Ossa: So it seems like you can do this Fusion stuff anywhere. The idea is that it’s platform agnostic, right?
Salmon: Exactly. It’s platform agnostic so we have a huge following on Vine, we have a big following on Instagram. We are publishing on Facebook. We’ll publish anywhere, we have a TV channel, we have a website. We have a bunch of different places we can publish stuff and we want to get our content out to where our audience is. We don’t want to force the audience to come to us.
Ossa: You’ve said this is a “post-text” thing you’re doing at Fusion, for which you got ribbed and criticized on twitter and blogs.
Salmon: The phrase that’s going to be appended to my name wherever I move the rest of my life has been taken a little bit out of context. The core of what I do at Fusion is going to be post-text. This is may be evolving a little bit, but I’m going to be concentrating on mobile phones, creating interactive, creating videos, doing all manner of experimenting with new forms of storytelling. I mean, I love to write, I’m good at writing, I’m not going to stop writing, but I felt at the time, and I still do feel, that a lot of what I’m writing–there are better places to reach an audience for that. To take an example from this week, if I’m writing a prediction for 2015 in media it makes sense for me to publish that at Nieman Journalism Lab, who’s doing a whole bunch of predictions for 2015 in the media.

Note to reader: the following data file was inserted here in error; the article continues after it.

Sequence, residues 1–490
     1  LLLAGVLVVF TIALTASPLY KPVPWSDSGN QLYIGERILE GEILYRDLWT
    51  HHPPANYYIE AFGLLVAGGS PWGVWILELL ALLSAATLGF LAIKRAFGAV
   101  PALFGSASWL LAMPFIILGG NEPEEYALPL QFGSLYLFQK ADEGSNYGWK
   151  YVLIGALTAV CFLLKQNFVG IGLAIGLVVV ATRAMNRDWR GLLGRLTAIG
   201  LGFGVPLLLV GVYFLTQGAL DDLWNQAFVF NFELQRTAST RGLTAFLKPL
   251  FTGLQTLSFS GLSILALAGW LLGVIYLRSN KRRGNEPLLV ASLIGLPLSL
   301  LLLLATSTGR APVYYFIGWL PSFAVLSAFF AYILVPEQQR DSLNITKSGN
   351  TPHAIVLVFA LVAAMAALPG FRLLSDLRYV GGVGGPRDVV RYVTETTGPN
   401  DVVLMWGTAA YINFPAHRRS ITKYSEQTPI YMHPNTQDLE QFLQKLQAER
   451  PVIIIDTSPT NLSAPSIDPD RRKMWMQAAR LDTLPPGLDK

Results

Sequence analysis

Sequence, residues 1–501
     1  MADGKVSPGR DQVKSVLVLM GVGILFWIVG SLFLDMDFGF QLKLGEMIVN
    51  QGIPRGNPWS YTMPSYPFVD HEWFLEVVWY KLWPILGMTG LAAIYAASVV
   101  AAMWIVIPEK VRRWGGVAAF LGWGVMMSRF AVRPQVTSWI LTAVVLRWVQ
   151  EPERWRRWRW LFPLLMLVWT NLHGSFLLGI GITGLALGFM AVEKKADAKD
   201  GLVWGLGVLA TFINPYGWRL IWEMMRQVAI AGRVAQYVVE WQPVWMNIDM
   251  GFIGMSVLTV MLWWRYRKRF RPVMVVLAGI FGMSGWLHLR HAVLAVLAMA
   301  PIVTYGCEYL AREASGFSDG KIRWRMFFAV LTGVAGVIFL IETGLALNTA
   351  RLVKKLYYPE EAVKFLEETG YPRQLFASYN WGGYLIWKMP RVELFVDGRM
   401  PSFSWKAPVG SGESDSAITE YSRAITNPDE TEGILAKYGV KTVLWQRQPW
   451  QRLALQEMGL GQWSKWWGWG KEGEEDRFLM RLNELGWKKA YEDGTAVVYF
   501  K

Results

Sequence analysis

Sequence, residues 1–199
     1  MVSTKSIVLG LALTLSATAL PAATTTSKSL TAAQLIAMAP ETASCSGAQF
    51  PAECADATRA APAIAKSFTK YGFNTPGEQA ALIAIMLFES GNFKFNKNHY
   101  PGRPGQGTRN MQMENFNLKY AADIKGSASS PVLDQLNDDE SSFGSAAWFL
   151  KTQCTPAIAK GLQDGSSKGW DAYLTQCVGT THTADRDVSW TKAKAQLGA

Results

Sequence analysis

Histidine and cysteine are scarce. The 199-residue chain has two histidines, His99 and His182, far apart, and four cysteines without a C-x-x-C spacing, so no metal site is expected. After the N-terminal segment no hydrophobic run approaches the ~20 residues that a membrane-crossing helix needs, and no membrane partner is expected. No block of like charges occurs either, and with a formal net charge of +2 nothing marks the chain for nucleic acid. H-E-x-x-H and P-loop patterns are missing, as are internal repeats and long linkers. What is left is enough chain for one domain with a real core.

So, I had written a piece there, which people are talking about and linking to. So my point was that if I’m going to be writing things which are text heavy there are wonderful places to do that: Medium or Financial Times or anywhere, Bloomberg. Fusion neither needs nor desires to compete with those people for that audience.